Adrian and Tony Perry’s dad (Aerosmith’s Joe Perry) may rave about the wonders of Pro Tools recording technology, but these well-schooled classic rock descendants who call themselves TAB The Band might as well come from the pre-Pro Tools era. Their debut album, Pulling Out Just Enough To Win, released this past January (North Street Records), has a ‘60s/’70s throwback vibe that comes off as refreshing rather than rehashing.
The leader of this power trio (which also included drummer Ben Tileston), singer/bassist Adrian Perry has no physical resemblance to Mick Jagger, but that distinctive attitude and sneering-style vocal attack he invented in the ‘60s has clearly rubbed off on the younger Perry (just as The Stones influenced his father’s band). Hear it on tracks like the sleazy, bluesy and Stonesy “Paid For By,” “Chuckles” and on the timeless raw rocker and live favorite “Secretary’s Day,” a should-be hit in a perfect world.
The bright chords on pop ditty “CYT” make for another sunny song with a harmony vocal tag team (via the Perry boys) and an obvious ‘60s garage rock vibe. It also serves as tribute of sorts to soldiers: “California here I come/Another broken soldier on the run.”
TAB The Band takes the listener through the record’s eleven-track journey via pure, no bullshit rock and roll and does it with all the exuberant youthful energy you’d expect from a college rock band. And though Adrian Perry’s tuneful yells recall similarly classic rock-minded Australian rockers Jet and legendary rock voices of the past, the raw passion on this disc is all his own.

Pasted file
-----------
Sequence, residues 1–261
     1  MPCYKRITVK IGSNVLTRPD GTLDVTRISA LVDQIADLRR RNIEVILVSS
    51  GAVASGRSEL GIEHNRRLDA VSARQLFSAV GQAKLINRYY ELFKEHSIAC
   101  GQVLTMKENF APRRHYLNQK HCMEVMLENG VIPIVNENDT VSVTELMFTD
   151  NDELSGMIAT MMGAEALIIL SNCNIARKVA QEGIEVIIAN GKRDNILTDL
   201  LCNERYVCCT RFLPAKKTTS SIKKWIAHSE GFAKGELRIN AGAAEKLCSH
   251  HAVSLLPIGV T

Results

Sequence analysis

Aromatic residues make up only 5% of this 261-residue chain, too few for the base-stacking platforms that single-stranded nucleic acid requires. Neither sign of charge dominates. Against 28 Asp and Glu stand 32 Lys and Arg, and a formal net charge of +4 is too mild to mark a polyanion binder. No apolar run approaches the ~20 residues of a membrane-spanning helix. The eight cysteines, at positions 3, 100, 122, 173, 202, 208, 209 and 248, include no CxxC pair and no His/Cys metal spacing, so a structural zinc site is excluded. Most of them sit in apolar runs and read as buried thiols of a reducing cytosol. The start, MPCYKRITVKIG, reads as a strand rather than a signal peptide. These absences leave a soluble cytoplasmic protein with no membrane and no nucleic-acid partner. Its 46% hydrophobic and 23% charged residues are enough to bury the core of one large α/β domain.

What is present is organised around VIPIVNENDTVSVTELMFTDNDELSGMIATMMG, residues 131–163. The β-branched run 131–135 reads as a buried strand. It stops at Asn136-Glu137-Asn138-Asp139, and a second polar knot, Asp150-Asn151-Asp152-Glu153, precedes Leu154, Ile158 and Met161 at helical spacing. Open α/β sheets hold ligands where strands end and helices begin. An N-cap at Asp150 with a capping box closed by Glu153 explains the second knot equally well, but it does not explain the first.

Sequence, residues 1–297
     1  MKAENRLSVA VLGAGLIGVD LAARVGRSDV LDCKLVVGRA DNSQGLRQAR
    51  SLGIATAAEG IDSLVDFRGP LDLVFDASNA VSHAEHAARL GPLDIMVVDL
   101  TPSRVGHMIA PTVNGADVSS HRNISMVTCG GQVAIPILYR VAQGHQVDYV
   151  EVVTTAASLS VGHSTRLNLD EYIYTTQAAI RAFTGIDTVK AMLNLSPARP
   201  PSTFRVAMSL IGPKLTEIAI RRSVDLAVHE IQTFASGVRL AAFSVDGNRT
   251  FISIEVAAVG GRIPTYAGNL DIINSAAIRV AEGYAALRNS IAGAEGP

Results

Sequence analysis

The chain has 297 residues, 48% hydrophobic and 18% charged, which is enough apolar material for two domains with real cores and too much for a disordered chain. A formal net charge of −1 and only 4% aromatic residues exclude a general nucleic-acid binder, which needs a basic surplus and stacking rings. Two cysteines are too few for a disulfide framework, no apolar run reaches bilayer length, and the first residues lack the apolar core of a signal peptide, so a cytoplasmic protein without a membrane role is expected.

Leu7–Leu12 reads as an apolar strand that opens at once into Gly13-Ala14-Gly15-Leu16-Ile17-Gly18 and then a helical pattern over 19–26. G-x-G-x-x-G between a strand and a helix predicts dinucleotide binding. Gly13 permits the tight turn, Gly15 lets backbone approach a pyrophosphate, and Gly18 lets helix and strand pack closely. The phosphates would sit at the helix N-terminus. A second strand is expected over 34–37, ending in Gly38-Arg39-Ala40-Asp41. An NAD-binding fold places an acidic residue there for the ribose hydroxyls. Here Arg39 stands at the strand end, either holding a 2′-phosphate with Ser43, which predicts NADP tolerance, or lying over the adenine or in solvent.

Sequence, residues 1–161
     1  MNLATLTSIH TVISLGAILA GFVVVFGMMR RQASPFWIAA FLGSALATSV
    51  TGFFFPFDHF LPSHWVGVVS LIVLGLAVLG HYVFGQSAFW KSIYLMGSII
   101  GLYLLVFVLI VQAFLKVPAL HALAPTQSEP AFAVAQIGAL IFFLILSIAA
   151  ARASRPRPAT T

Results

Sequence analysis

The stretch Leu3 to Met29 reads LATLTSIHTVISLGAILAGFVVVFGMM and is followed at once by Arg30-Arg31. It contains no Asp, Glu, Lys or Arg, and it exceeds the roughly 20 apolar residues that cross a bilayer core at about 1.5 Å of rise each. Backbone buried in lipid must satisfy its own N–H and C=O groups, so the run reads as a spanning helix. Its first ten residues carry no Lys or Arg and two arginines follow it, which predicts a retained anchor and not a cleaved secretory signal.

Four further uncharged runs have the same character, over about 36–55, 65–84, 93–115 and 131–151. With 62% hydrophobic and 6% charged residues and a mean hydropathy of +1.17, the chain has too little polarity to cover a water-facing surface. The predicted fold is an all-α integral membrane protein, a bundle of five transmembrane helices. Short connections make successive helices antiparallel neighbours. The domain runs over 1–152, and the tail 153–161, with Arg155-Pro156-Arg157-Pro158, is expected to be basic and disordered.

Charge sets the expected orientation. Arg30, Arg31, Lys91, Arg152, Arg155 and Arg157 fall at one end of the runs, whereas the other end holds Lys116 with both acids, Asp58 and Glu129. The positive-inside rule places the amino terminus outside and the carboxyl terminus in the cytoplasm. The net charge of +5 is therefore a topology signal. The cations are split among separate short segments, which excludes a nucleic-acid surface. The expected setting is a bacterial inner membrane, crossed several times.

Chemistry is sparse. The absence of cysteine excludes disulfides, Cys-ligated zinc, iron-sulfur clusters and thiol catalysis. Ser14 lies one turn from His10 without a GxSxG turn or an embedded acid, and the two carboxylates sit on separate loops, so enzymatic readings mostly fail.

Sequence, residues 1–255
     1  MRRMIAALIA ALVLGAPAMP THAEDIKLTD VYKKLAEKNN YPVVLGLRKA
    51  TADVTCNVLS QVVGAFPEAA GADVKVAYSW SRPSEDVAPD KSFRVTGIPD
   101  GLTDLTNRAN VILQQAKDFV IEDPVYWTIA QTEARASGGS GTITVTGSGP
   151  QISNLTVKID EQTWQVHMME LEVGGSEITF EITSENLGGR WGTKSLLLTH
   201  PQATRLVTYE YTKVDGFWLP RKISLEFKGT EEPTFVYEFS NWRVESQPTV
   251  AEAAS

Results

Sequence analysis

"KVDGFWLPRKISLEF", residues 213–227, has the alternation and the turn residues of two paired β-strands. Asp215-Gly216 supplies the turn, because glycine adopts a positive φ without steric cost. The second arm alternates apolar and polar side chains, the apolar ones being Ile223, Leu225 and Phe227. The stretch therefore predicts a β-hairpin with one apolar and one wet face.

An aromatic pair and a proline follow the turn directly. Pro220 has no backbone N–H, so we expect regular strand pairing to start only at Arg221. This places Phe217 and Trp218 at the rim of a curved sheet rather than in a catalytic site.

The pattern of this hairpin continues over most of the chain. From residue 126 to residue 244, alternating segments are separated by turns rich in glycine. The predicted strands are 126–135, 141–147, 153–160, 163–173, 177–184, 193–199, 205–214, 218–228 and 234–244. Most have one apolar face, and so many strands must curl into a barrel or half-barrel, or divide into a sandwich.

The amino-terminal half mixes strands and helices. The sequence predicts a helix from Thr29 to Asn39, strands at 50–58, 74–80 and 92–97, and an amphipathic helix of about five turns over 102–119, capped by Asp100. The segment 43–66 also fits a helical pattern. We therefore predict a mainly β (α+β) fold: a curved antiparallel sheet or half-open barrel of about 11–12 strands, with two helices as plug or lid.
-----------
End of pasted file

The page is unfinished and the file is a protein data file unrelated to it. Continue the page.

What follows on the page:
The same could be said about guitarist Tony Perry as well, whose slide-guitar playing on many tracks could be traced back to any of his father’s projects (early Aerosmith and the Joe Perry Project), yet is performed with a heaviness and precision that separates him from his father. Tracks like “The Continental, TBE” and the butt-kickin’ slide guitar-dominating CD closer “The Captain” follow in this trend. The latter also features a bold lyric lift – “your rabbit gone died — from the Steven Tyler-penned Aerosmith classic “Sweet Emotion.” So maybe TAB is just asking to be compared to Aerosmith, after all.
Elsewhere, the moderately paced “House of El Ron” comes the closest to justifying comparisons to early Aerosmith or any other classic stoner hard rock gem, if for no other reason that it simply ROCKS from start to finish. Coming in at around just two-and-a-half minutes, you’ll have this one on repeat again and again, no doubt. The same could be said for the hard (stoner) rockin’ “Mitch Connor.” It’s one of a few tracks with some impressive solo guitar work from Tony. And “Le Colonelle” is another loud, badass, almost angry love song propelled by dirty slide work and Tileston’s dynamic drumming.
In all, POJETW is a loud and raw full length that doesn’t let up much at all; it rocks to the very end, the way all great rock albums should. And with every song clocking in at under four or three minutes, you’re not likely to get bored with any track for long, if at all.
If there’s any real criticism to be had, it’s that the album could use some different key changes – about six of the eleven tracks start out in the key of G – but who cares when the songs are solid all the way around. This just means that there is at least some room for artistic growth and perfecting of their craft, which should take care itself on future albums if the band stays as focused then as they are on their debut disc.
I highly recommend Pulling Out Just Enough To Win to any Aerosmith fan and any Aero fan who dug Joe Perry’s solo work. It’s loud, sleazy-fun rock and roll. ‘Enuff said.
For more info on TAB The Band, visit their Myspace page.